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on my old 350 with a quadrajet did this, but when i put my 750 demon dp (no choke) on it it started perfect every time. and after i put my 406 in, its still the same, a quick single pump when cold and it starts right up, and just hit the key when its warm, no problem. i would think you should be able to achieve this w/ your car as well, with some fine tuning/adjusting.
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post #8 of 27 (permalink) Old Nov 17th, 02, 12:50 PM
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Basically the fuel is just draining out of your fuel bowls down the line and into the tank. Just gravity, unless its leaking out the carb onto or into your intake you have nothing to worry about.
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post #9 of 27 (permalink) Old Nov 17th, 02, 01:30 PM
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The fuel isn't likely to be siphoning back into the tank! It's leaking into the intake and down the cylinder walls into the pan. If you get enough fuel in the oil pan, you could blow the valve covers and the oil pan right off the motor. (seen this happen! Kewl! wasn't my car!) If you are lucky enough for this not to happen, you could dilute the oil enough to ruin the bearings and/or seize the oil pump. If this is a new carb and it's leaking, take it off and get another one under warranty! or get it fixed.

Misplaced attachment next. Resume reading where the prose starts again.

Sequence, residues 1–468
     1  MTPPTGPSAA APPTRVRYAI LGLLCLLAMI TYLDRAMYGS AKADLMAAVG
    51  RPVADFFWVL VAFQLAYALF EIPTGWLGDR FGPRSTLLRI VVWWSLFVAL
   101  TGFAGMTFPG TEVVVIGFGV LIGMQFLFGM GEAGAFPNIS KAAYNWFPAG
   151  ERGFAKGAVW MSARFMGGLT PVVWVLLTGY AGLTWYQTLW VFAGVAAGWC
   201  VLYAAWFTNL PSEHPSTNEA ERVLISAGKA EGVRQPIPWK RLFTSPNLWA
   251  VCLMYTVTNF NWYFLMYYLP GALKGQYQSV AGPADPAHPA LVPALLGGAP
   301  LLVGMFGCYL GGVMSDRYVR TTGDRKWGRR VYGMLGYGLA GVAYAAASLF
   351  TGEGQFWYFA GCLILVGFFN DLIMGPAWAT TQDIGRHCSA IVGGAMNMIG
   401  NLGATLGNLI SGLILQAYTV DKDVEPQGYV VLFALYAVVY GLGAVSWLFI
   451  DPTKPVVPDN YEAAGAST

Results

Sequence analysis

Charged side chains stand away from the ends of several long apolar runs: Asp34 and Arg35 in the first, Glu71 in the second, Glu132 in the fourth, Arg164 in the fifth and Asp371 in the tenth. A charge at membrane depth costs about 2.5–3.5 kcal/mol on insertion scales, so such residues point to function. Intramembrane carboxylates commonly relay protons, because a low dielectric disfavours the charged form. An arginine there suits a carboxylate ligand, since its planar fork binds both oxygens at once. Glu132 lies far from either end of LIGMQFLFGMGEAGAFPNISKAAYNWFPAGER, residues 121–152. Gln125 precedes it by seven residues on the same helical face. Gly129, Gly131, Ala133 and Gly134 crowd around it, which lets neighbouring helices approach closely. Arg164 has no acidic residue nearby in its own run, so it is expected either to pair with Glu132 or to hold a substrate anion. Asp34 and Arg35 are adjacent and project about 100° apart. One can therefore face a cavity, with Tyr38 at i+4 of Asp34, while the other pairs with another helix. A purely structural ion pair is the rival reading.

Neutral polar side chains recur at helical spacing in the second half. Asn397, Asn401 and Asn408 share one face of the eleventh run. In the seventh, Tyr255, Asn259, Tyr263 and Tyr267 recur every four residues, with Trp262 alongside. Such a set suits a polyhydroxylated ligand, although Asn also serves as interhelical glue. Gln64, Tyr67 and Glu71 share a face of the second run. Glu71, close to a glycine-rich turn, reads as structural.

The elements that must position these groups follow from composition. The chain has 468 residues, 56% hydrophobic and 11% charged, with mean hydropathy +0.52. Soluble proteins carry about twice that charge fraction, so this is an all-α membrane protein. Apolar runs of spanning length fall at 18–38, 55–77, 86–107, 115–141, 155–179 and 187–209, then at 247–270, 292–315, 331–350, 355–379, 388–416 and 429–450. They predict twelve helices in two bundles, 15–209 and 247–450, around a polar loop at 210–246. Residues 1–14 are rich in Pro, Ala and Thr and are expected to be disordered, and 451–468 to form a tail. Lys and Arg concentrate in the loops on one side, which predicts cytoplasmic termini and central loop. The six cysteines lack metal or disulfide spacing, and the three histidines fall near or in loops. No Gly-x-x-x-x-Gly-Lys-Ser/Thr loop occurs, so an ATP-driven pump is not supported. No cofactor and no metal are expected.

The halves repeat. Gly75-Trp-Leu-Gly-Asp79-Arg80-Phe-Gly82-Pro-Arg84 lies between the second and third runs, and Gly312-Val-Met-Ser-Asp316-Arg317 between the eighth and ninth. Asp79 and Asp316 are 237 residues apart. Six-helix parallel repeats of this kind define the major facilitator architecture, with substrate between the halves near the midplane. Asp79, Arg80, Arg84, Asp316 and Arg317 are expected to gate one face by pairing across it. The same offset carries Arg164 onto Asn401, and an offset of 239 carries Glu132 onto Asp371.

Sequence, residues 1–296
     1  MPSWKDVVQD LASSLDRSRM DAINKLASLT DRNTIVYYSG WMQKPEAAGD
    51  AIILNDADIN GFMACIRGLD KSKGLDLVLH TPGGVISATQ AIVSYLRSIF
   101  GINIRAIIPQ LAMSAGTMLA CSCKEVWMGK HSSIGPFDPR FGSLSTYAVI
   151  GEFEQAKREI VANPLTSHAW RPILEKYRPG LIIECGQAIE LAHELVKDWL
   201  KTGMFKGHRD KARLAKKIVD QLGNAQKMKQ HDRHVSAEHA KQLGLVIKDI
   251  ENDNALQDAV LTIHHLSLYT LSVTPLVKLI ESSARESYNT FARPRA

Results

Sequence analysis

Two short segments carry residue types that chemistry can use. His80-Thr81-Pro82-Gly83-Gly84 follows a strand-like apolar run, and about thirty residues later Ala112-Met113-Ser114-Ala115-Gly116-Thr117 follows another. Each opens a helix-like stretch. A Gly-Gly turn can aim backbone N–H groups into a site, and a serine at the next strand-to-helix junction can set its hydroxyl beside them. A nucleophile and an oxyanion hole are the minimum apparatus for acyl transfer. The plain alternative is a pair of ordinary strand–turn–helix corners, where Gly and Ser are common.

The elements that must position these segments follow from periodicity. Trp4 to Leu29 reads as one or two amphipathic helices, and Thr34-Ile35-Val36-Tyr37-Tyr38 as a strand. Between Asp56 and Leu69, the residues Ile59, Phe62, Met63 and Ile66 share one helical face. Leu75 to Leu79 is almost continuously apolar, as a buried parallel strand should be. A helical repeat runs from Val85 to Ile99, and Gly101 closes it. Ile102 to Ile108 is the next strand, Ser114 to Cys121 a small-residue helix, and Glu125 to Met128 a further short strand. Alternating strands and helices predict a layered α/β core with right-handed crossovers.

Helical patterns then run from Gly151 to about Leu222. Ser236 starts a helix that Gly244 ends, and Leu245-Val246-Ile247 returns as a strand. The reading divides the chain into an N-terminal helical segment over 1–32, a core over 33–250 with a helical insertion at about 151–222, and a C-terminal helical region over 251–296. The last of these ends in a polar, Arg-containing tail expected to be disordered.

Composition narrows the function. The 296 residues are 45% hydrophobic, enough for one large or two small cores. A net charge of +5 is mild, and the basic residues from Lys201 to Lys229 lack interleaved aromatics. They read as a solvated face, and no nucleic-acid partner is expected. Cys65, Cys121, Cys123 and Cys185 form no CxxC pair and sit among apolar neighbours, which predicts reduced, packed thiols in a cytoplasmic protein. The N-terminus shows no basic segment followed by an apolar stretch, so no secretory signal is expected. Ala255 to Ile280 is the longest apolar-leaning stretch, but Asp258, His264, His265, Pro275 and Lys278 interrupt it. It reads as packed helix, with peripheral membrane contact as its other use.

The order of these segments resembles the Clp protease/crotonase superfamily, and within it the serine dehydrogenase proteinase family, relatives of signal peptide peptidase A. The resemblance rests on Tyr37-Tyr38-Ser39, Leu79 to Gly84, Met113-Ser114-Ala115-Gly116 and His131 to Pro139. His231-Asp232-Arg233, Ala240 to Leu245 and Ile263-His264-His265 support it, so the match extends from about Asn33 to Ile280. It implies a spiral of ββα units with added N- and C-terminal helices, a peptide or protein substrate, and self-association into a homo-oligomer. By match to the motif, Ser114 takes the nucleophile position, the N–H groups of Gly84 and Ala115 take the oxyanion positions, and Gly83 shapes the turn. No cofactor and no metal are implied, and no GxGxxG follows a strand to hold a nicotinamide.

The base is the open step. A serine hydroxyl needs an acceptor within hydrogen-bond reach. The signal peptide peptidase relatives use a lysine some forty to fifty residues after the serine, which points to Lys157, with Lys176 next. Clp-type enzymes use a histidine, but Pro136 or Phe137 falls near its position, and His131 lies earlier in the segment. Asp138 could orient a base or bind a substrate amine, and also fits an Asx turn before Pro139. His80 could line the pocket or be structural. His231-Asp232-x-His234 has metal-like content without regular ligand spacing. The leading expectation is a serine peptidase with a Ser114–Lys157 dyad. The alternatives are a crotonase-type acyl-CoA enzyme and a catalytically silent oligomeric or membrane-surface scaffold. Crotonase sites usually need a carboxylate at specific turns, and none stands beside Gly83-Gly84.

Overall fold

Jim
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post #10 of 27 (permalink) Old Nov 17th, 02, 05:16 PM
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Matt Jones
 
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I dunno 'bout that...my Demon does it, my Qjet does it, my old Edelbrock 1406 did it, and my new 625CFM Carter did it. I think the fuel is evaporating out of the fuel bowls, personally. But this is after an extended period of time though...not just a couple of days.

------------------
Matt Jones
1969 Base Camaro
Vortec 355, Perf. RPM, Demon Carb., TH-400
All sheetmetal is NOS GM
See my webpage at: http://www.geocities.com/compuboy007/
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post #11 of 27 (permalink) Old Nov 17th, 02, 05:51 PM
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If you look closely at the mechanics of a float/needle and seat set up. It's like a toilet tank. The fuel is sitting below the valve that allows fuel to flow into the bowl. There is no way for the fuel to get back up there. In a Holley or a Demon, it would have to siphon two tanks empty. Also, the fuel pump works like your heart. One way clapper valves prevent fuel from draining back on the pressure side of the pump. The only other possibility besides leaking would be percolation. There may be enough heat soak into the carb to boil the fuel out.